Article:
Yesterday, I was lucky enough to attend the press launch of Manchester International Festival in 2019. The venue was the dark, atmospheric (and leaky) Upper Campfield Market Hall, complete with DJ, uplit cast iron pillars, and spiced Indian street food bites and luxury hot chocolate to ward off the cold.
It was a pleasant surprise that such a huge festival with so many sponsors and partners got straight down to brass tacks with the announcement of the programme. Each piece was introduced and described either live or via video, with no overlong speeches or waffly interviews. We like!
So, here’s what I’m hoping to catch this summer in MIF19:
Bells for Peace (Thursday 4 July). Yoko Ono’s involvement in the festival had already been announced, but that didn’t make it any less exciting to hear about it at the launch. Not that much is being given away – I’m hoping for a beautiful, powerful sound piece with hundreds of performers and the cathedral bells involved. If it can make anything like the impact of What is the City But the People? I’ll be very happy.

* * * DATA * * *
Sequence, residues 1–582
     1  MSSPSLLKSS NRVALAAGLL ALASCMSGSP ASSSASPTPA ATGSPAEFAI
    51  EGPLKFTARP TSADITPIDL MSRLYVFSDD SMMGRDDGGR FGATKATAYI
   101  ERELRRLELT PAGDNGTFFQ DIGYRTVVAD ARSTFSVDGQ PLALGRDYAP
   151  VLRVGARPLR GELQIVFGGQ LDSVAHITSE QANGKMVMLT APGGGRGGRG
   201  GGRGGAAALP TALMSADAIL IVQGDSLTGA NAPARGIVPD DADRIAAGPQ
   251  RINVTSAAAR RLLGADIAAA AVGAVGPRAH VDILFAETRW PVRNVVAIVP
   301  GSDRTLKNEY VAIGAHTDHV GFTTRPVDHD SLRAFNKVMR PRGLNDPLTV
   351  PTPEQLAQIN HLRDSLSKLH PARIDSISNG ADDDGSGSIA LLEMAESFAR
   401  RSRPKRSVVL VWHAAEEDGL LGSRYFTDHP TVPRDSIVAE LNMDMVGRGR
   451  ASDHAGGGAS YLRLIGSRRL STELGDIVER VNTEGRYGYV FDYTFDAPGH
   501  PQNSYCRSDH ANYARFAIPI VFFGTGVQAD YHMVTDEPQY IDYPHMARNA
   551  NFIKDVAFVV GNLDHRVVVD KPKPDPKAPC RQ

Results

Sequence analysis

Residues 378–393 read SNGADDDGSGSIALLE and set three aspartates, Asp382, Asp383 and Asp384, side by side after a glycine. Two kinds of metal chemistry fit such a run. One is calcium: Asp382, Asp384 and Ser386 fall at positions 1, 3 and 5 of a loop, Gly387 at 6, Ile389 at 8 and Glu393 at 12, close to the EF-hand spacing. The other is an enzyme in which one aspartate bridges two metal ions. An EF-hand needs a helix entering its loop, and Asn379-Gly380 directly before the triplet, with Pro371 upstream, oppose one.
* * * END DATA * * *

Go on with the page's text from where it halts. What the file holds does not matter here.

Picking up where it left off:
Invisible Cities (Friday 5 – Sunday 14 July). This year, MIF’s major dance commission is inspired by Italo Calvino’s novel (note to self: read before July) and will be performed in the awe-inspiring, cavernous surroundings of Mayfield Depot. Oh, and it’s being performed by Rambert and choreographed by Sidi Larbi Cherkaoui, who is currently producing a new work with the Royal Ballet.
Alphabus (Friday 5 – Sunday 7 July). This ‘seamless synergy of transatlantic street dance and vital poetry’ focuses on myths and gods, and teams dancer-choreographer Reggie Gray with Young Identity, the spoken word youth collective based at HOME. It’s great to see young artists and future arts professionals front and centre of the MIF programme.
The Anvil (Sunday 7 July). There’s two parts to this world premiere, which commemorates the centenary of the Peterloo Massacre. During the day, theatre company ANU will hit the streets of Manchester, collaborating with citizens to produce free, immersive performances inspired by the stories of those who were killed on 16 August 1819.
Animals of Manchester (including HUMANZ) (Saturday 20 – Sunday 21 July). From the powerful, political and rather highbrow to the ridiculously sublime… In the final weekend of the festival, Whitworth Art Gallery and park will be taken over by ‘absorbing animal encounters,’ including an edible Arndale Centre for squirrels and birds, a rescued hedgehog centre and a conference led by a cow. How can you not want to see what this looks like?!
I’m hoping to catch all of these – and more – as part of MIF19, and I’ll be sure to let you know my thoughts on here!
If you haven’t seen it already, you can catch up with the full MIF programme here.